Re: Soapbox re: function and transparency
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faithrhyne@gmail.com

11:36 PM (9 hours ago)

to me

By taking advantage of local resources of skill and network, Asheville is in a position to, with only a few primary and gradual shifts, establish itself as a town that will lay down the lines with history and reclaim its best possible future in a rapidly changing world.

——Original Message——
From: Me
To: Me
ReplyTo: Me
Subject: Soapbox re: function and transparency
Sent: Dec 13, 2011 11:19 PM

If given the opportunity, communities can, will and do govern themselves. There are numerous examples of neighborhoods and collectives that function beautifully with minimal overseer activity. Often these communities are visible, other times hidden.

Yes, this sometimes takes shape outside of formal law, for example as in the case of violent-gang run neighborhoods or the My-Cousin-Is-The-Sheriff phenomenon.

Powers of Authority: drug dealers or police or the strange authority of family history that is still relevant in many parts of the world. Anything that structures your place in the world in ways that defy sense and humanity.

People want to self-govern our communities and our public space.

People can positively and functionally self-govern. More quickly and effectively if supported.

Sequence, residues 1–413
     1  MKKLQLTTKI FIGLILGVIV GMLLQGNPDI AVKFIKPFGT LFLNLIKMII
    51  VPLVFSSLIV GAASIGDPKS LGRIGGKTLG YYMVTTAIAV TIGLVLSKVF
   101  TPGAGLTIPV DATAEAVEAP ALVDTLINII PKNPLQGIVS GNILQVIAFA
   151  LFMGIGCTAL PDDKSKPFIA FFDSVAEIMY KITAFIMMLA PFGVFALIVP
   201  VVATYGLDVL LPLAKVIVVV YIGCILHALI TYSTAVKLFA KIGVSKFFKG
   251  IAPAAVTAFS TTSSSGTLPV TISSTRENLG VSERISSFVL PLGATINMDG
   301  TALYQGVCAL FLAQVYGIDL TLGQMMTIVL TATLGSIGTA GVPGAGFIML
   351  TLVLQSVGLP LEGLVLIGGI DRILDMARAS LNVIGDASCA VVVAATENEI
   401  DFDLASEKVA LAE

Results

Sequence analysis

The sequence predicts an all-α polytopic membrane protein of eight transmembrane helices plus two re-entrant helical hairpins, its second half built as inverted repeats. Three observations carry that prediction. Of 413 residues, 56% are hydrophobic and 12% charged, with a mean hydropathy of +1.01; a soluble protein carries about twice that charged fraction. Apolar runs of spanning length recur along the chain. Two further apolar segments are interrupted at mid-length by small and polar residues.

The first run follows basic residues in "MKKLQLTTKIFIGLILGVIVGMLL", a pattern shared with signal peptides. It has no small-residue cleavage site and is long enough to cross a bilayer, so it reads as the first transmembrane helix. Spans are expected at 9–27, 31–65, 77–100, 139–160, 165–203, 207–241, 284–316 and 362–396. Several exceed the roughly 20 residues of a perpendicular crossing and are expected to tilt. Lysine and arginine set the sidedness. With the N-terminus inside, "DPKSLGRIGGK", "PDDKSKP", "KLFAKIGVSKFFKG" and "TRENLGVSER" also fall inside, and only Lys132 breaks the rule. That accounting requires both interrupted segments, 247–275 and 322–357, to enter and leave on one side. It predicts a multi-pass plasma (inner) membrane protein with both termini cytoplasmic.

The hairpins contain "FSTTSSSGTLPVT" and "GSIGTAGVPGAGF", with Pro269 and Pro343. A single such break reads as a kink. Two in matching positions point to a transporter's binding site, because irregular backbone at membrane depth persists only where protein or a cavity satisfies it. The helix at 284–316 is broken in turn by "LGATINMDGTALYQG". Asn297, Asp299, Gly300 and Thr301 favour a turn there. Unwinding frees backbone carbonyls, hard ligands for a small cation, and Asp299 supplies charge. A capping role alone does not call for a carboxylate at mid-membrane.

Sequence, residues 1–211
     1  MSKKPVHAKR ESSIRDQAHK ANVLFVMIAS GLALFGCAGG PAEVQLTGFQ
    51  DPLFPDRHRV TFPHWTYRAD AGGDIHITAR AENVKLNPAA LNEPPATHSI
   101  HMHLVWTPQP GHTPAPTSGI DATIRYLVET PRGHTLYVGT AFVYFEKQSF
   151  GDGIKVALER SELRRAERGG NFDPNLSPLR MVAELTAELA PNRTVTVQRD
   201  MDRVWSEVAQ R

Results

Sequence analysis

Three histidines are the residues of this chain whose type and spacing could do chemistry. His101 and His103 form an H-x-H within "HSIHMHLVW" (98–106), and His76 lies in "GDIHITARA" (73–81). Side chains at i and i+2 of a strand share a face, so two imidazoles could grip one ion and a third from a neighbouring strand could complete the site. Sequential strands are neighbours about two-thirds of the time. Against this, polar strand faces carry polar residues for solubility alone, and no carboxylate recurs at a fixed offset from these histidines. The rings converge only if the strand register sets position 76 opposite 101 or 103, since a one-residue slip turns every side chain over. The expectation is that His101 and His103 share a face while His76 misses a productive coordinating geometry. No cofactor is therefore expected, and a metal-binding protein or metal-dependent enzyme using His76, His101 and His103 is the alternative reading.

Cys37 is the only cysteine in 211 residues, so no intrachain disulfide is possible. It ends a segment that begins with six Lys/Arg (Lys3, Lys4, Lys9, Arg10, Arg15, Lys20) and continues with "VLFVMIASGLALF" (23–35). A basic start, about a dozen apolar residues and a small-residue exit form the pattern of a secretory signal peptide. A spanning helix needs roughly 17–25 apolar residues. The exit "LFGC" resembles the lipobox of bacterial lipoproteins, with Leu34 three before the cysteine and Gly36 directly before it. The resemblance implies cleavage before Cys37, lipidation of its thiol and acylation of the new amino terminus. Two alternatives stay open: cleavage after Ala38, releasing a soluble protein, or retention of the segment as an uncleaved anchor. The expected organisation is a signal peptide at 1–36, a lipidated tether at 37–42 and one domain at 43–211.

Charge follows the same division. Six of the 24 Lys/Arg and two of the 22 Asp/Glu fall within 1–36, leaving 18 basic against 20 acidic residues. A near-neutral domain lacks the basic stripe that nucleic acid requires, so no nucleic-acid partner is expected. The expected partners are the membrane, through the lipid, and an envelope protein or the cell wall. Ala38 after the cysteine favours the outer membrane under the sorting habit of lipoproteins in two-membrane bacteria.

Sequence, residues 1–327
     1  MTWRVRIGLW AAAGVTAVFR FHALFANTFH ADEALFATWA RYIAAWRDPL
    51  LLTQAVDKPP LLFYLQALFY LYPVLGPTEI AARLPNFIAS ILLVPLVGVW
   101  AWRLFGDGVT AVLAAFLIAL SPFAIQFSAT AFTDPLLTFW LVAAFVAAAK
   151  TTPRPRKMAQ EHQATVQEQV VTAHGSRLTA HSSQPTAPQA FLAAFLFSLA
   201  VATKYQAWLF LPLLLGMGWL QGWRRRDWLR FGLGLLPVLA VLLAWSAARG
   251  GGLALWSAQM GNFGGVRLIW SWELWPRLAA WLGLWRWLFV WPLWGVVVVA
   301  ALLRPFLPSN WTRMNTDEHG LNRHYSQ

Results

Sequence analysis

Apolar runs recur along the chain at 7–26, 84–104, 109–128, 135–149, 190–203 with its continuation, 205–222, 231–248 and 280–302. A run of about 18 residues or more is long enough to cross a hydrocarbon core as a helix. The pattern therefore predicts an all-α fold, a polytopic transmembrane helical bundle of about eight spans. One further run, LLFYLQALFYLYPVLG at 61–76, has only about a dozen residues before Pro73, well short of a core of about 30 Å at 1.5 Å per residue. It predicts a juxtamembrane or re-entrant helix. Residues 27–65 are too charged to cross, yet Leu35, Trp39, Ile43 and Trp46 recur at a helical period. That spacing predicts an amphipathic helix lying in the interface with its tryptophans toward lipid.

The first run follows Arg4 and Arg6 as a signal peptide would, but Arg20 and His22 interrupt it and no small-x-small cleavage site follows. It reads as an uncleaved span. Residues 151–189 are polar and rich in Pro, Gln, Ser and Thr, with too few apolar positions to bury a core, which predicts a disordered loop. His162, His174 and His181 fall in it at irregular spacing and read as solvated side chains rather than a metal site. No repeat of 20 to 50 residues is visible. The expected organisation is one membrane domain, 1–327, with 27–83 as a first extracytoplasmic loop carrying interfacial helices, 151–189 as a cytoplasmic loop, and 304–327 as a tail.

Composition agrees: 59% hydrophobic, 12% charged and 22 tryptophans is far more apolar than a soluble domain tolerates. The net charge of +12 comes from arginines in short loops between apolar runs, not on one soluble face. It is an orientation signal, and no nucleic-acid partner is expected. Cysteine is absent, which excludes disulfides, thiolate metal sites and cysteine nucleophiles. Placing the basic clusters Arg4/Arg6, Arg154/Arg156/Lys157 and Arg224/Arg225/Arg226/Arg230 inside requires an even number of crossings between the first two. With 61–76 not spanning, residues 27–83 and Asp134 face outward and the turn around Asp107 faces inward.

Look @ Ducker Rd. Community Involvement Council.

Look at the evolution of Occupy Asheville and consider what would be possible with ideological and legislative backing.

We want to be good neighbors, we want a better world for our kids…for our elders.

Who wants to spend their retirement waiting for the world to end?

Who wants to die in this state of tragic failure, major system malfunction?

People are not as a species intended to be caught in quite so many made up arguments?

The people in the paintings on the wall of Council chambers show people who very likely camped out, because space was a resource that you were privileged to use wisely, with respect.

Occupy Asheville has tried to embrace an ethos that is respectful of the land they use. Of course, that ethos is absorbed by the participants to varying degrees and for a variety of reasons. It comes with the territory of having an open door human rights encampment. However, Occupy Asheville campers have shown commitment in trying to hold a functional and positive space and to impart values of tolerance, creativity, respect, and humility to those who participate.

Let’s face it – there are some very negative people in the world. Largely the result of the way people get bossed out of participating in their own lives and in their own communities.

We were not intended to function under constant authority over our movements, activities and resources.

We were not meant to spend so much time indoors.

These are facts, just ask EO Wilson and Richard Luov…and all the others.

Is there really anything to say?

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